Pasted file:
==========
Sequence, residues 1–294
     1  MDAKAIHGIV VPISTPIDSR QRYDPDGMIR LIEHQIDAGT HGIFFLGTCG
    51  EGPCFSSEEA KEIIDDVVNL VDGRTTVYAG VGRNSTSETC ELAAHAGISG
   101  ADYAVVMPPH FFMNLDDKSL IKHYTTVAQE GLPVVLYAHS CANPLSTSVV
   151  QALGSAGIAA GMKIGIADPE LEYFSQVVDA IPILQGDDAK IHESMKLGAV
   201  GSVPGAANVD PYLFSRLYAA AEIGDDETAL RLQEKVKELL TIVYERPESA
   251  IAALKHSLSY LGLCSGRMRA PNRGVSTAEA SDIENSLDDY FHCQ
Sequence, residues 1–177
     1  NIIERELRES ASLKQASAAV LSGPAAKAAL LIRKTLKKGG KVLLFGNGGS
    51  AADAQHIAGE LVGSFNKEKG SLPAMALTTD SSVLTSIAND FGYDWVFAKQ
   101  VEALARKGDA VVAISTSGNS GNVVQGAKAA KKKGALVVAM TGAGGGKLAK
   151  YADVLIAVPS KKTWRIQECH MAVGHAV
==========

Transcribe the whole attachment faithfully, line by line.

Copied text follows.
Sequence, residues 1–294
     1  MDAKAIHGIV VPISTPIDSR QRYDPDGMIR LIEHQIDAGT HGIFFLGTCG
    51  EGPCFSSEEA KEIIDDVVNL VDGRTTVYAG VGRNSTSETC ELAAHAGISG
   101  ADYAVVMPPH FFMNLDDKSL IKHYTTVAQE GLPVVLYAHS CANPLSTSVV
   151  QALGSAGIAA GMKIGIADPE LEYFSQVVDA IPILQGDDAK IHESMKLGAV
   201  GSVPGAANVD PYLFSRLYAA AEIGDDETAL RLQEKVKELL TIVYERPESA
   251  IAALKHSLSY LGLCSGRMRA PNRGVSTAEA SDIENSLDDY FHCQ
Sequence, residues 1–177
     1  NIIERELRES ASLKQASAAV LSGPAAKAAL LIRKTLKKGG KVLLFGNGGS
    51  AADAQHIAGE LVGSFNKEKG SLPAMALTTD SSVLTSIAND FGYDWVFAKQ
   101  VEALARKGDA VVAISTSGNS GNVVQGAKAA KKKGALVVAM TGAGGGKLAK
   151  YADVLIAVPS KKTWRIQECH MAVGHAV